by Luigi Pirandello translated and adapted by François Regnault.

Barbican Theatre Silk Street EC2Y 8DS To 7 February 2015.
Wed-Sat 7.45pm.
Runs 1hr 55min No interval.

TICKETS: 0845 120 7511.
Review: Timothy Ramsden 4 February.

Bold, perceptive staging of an intriguing classic.
Throughout his life Italian dramatist Luigi Pirandello grappled with the identity of appearance and reality. If he’d written thrillers, there’d have been no neat solutions establishing a reality disturbed temporarily by suppositions. Supposition and reality couldn’t be separated – ‘It is so, if you think so’, as one of his plays’ titles translates.

In this, his best-known play, he folds the artifice of theatre back on itself. Things may look different in our age of documentary and verbatim drama, when re-creating actuality is a familiar strand of drama. But people walking onstage and demanding their story be told in place of rehearsals for Pirandello’s The Rules of the Game was shocking in 1921, when stage artifice was expected to be artificial.

Emmanuel Demarcy-Mota’s bravura production contrasts the understated artifice of an opening with a bare stage and a cradle where a scene-painter sits high-up, as stage management knocks scenery into shape below, and the strictly-ordered illusion demanded by Alain Libolt’s director, announced with the importance of a high-court judge, immediately silencing a pianist and demanding precise detail.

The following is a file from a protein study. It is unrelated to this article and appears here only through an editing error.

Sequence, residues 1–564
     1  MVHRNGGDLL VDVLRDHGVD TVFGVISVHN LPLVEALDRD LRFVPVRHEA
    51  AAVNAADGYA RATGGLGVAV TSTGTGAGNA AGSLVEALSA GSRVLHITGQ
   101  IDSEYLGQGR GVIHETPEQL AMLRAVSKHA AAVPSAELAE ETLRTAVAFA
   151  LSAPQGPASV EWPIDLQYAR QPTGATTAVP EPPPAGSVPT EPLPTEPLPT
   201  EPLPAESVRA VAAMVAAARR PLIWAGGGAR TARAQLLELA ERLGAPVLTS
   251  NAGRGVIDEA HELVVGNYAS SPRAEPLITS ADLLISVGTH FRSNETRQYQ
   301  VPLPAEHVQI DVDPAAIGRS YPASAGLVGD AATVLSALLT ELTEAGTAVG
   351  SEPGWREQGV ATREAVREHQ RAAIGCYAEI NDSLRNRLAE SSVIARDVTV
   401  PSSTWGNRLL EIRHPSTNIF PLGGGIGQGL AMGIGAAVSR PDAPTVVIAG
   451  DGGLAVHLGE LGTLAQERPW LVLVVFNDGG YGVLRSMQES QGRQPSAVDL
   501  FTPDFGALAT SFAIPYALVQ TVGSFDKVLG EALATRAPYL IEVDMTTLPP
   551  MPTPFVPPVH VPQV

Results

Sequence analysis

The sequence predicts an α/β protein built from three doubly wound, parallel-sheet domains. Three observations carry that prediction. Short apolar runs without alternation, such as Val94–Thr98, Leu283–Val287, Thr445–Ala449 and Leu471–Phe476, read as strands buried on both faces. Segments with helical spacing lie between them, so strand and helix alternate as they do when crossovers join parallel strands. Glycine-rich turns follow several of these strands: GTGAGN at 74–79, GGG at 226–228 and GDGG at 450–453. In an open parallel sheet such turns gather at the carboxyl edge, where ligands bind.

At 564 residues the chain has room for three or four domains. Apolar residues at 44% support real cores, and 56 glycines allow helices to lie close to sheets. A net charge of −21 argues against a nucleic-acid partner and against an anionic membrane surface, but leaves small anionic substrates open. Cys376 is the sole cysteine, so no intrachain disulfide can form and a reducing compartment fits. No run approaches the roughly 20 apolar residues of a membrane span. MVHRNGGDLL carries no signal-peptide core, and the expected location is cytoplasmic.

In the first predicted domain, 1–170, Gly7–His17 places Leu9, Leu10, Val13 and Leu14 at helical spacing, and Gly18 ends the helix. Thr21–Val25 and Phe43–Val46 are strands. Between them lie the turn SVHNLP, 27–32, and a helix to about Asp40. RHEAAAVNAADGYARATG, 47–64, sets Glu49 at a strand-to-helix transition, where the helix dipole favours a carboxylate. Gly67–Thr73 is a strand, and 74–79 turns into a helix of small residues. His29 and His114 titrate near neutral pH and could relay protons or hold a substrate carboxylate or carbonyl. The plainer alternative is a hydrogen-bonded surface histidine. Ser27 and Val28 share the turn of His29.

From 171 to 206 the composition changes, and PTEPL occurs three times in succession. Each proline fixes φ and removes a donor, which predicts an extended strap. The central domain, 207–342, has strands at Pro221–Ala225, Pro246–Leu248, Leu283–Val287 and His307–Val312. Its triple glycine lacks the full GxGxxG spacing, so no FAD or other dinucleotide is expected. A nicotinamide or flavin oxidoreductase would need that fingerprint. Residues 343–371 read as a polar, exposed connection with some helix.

There’s a double disruption to this apparent reality when a family suddenly appears, claiming to be characters who demand their story be told. It’s easy to see them as the unheard, demanding a place in theatre’s public spotlight. Yet they are not political refugees, rather characters whose family story demands sex and death be given the understanding and detail normally ignored by the theatre.

Demarcy-Mota is able, on a huge stage like the Barbican’s, to emphasise the struggle between the director’s ego, shaping the family’s story to theatrical effect, and his actors, whose space this is, resisting the characters’ insistence the professionals play the truth of their experience. At times the groups line-up either side of the stage and open conflict seems possible. But the characters have two advantages; surprise and passion in telling their story.

Sex and death are traditional dramatic qualities and they fascinate both the onstage theatre people and the audience, giving a sense of authenticity as what’s ‘theatrical’ and what’s ‘lifelike’ contrast with increasing complexity in this bold, perceptive staging.

The Father: Hugues Quester.
The Stepdaughter: Valérie Dashwood.
The Mother: Sarah Karbasnikoff.
The Son: Stéphane Krähenbühl.
The Teenager: Walter N’Guyen.
The Little Girl: Fantine Laurent/Celeste Duménil.
Madame Pace: Céline Carrère.
The Director: Alain Libolt.
The Actors: Charles-Roger Bour, Sandra Faure, Olivier Le Borgne, Gaëlle Guillou.
The Stage Manager: Gérald Maillet.
The Carpenter: Pascal Vuillemot.
The Assistant: Jauris Casanova.

Director: Emmanuel Demarcy-Mota.
Designer/Lighting: Yves Collet.
Music: Jefferson Lembeye.
Costume: Corinne Baudelot.
Make-up: Catherine Nicolas.
Assistant director: Christophe Lemaire.

Produced by Théâtre de la Ville-Paris. Co-produced by Théâtres de la Ville de Luxembourg.
Presented by the Barbican.
French artists at the Barbican supported by the Institut français du Royaume-Uni.

2015-02-05 12:59:43

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